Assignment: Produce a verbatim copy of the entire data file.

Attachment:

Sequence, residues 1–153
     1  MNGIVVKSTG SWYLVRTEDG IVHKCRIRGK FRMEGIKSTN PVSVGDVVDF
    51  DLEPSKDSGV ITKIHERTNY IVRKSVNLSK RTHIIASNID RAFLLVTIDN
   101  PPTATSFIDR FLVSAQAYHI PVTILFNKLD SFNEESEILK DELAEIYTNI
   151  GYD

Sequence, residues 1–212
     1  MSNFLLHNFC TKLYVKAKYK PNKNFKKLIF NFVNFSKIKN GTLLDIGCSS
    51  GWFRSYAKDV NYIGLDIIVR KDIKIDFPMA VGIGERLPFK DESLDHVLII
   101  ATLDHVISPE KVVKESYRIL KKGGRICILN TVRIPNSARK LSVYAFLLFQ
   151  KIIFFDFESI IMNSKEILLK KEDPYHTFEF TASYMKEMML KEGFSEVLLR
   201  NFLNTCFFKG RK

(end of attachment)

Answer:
Sequence, residues 1–153
     1  MNGIVVKSTG SWYLVRTEDG IVHKCRIRGK FRMEGIKSTN PVSVGDVVDF
    51  DLEPSKDSGV ITKIHERTNY IVRKSVNLSK RTHIIASNID RAFLLVTIDN
   101  PPTATSFIDR FLVSAQAYHI PVTILFNKLD SFNEESEILK DELAEIYTNI
   151  GYD

Sequence, residues 1–212
     1  MSNFLLHNFC TKLYVKAKYK PNKNFKKLIF NFVNFSKIKN GTLLDIGCSS
    51  GWFRSYAKDV NYIGLDIIVR KDIKIDFPMA VGIGERLPFK DESLDHVLII
   101  ATLDHVISPE KVVKESYRIL KKGGRICILN TVRIPNSARK LSVYAFLLFQ
   151  KIIFFDFESI IMNSKEILLK KEDPYHTFEF TASYMKEMML KEGFSEVLLR
   201  NFLNTCFFKG RK